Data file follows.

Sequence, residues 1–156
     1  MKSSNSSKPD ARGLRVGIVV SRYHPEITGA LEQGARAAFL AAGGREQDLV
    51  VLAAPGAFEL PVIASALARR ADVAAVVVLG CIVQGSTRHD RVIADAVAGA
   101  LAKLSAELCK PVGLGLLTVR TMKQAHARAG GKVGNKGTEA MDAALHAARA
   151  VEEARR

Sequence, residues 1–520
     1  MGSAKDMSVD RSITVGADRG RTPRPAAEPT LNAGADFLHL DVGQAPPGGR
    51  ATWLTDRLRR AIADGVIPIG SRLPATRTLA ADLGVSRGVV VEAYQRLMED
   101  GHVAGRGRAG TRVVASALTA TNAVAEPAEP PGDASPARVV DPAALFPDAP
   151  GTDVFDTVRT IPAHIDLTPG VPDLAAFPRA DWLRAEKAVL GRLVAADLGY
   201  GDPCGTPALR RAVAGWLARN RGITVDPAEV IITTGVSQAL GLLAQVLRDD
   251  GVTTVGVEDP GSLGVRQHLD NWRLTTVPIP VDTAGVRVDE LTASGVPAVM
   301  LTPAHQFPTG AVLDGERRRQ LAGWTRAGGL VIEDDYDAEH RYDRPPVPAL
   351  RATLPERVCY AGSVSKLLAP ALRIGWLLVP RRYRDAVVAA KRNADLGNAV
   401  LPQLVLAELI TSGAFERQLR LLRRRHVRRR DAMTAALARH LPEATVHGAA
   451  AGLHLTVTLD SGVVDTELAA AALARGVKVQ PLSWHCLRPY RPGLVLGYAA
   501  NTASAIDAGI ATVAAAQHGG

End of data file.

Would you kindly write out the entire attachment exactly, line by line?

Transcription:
Sequence, residues 1–156
     1  MKSSNSSKPD ARGLRVGIVV SRYHPEITGA LEQGARAAFL AAGGREQDLV
    51  VLAAPGAFEL PVIASALARR ADVAAVVVLG CIVQGSTRHD RVIADAVAGA
   101  LAKLSAELCK PVGLGLLTVR TMKQAHARAG GKVGNKGTEA MDAALHAARA
   151  VEEARR

Sequence, residues 1–520
     1  MGSAKDMSVD RSITVGADRG RTPRPAAEPT LNAGADFLHL DVGQAPPGGR
    51  ATWLTDRLRR AIADGVIPIG SRLPATRTLA ADLGVSRGVV VEAYQRLMED
   101  GHVAGRGRAG TRVVASALTA TNAVAEPAEP PGDASPARVV DPAALFPDAP
   151  GTDVFDTVRT IPAHIDLTPG VPDLAAFPRA DWLRAEKAVL GRLVAADLGY
   201  GDPCGTPALR RAVAGWLARN RGITVDPAEV IITTGVSQAL GLLAQVLRDD
   251  GVTTVGVEDP GSLGVRQHLD NWRLTTVPIP VDTAGVRVDE LTASGVPAVM
   301  LTPAHQFPTG AVLDGERRRQ LAGWTRAGGL VIEDDYDAEH RYDRPPVPAL
   351  RATLPERVCY AGSVSKLLAP ALRIGWLLVP RRYRDAVVAA KRNADLGNAV
   401  LPQLVLAELI TSGAFERQLR LLRRRHVRRR DAMTAALARH LPEATVHGAA
   451  AGLHLTVTLD SGVVDTELAA AALARGVKVQ PLSWHCLRPY RPGLVLGYAA
   501  NTASAIDAGI ATVAAAQHGG